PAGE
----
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Sheepskins and Ticking Clocks

Some traditions - such as getting in and out of an institution of higher learning within four years - may be best left behind.

But facing a 20 percent increase in college enrollment over the next 10 years, public colleges in several states are putting more pressure on students to graduate "in time." That can help make a school's graduation rate look better in nationwide rankings and open more dorm and enrollment space. And some of these schools can receive financial incentives from their states for moving students from freshman year to cap and gown in the allotted time, thus helping lower costs for the school.

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Yet such pressure clashes with the need of a majority of students to earn money while they study, and it can run counter to a meaningful educational experience. Ever-increasing college tuition has forced more and more students to work, leaving them less time for "normal" course loads. And some students, unsure of a focus, may need a little extra time - and counseling - to explore academic options.

Those who used to be labeled as non-traditional students (over the age of 24) are now very traditional - in fact, current college populations are almost evenly split between those ranging in age from 18 to 21 and those over 24, many of whom have family responsibilities or established careers. In the latest figures available, students taking six years to get a degree rose to 30 percent in 1993 at all colleges, a trend that has presumably continued to rise. Graduation rates are slowest at public institutions. That has changed the academic culture, and schools need to make adjustments. Many experts say a six-year college time horizon is now reasonable for most students.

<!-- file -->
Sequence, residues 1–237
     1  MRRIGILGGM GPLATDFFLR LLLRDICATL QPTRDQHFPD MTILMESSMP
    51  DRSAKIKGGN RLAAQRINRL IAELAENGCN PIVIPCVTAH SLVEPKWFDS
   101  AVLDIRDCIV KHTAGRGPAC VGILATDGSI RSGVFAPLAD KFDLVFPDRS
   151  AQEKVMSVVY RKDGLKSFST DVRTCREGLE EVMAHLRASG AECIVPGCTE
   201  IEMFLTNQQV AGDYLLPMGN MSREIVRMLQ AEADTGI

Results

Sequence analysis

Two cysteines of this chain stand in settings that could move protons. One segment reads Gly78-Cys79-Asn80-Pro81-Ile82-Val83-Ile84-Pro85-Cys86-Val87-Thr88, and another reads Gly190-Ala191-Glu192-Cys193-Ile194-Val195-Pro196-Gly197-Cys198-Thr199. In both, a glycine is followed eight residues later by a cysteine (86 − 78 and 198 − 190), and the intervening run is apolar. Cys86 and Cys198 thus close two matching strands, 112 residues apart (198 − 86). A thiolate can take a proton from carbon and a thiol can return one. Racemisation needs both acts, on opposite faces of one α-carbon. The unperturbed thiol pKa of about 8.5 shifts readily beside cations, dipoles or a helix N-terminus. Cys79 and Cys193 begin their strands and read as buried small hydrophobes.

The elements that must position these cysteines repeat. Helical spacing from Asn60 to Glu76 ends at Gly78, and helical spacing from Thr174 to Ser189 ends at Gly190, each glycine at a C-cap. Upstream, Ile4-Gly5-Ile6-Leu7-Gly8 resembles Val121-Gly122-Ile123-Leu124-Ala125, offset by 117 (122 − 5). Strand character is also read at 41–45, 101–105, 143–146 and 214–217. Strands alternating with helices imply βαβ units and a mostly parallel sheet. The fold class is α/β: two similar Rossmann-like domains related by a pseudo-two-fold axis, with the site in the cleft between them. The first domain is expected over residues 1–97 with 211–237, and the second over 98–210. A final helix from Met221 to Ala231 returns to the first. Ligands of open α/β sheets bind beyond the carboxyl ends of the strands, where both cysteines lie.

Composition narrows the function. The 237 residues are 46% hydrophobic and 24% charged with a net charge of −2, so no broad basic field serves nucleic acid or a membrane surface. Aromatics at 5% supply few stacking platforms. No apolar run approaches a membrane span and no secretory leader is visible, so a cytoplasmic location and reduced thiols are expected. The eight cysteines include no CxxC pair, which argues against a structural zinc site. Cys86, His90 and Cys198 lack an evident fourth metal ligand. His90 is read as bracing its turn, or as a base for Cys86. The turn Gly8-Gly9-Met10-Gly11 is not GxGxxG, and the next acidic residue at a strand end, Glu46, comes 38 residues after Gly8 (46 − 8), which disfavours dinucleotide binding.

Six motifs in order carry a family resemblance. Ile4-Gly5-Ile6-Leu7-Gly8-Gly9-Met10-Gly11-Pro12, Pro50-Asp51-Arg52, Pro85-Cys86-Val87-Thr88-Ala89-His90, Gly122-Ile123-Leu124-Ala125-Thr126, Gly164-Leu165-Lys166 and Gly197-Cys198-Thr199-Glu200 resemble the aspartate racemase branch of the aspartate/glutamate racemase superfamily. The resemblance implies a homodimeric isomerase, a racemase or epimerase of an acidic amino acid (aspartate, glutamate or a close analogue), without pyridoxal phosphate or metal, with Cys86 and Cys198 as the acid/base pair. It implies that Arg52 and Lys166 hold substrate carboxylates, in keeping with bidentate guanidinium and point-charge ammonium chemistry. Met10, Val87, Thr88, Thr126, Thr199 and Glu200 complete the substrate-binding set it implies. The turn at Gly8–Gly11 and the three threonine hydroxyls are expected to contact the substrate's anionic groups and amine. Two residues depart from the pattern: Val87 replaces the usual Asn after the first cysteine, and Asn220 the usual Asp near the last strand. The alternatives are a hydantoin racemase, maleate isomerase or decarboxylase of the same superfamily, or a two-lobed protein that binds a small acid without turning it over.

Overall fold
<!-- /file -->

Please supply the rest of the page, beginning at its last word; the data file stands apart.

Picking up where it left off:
As they wrestle with tightening budgets, state legislatures can be more mindful not to adopt a one-size- fits-all approach to their public colleges and universities, which serve very diverse student populations and have varying graduation rates. Finishing efficiently is not necessarily the same as finishing "on time."

Yes, "perennial" students can be a problem on campuses. But there are options available to colleges to address that issue - such as identifying students who stay in school for longer than six years and requiring them to receive counseling, as well as to graduate within a fixed time. That approach seems wiser than pushing a cookie-cutter approach based on an outmoded model.


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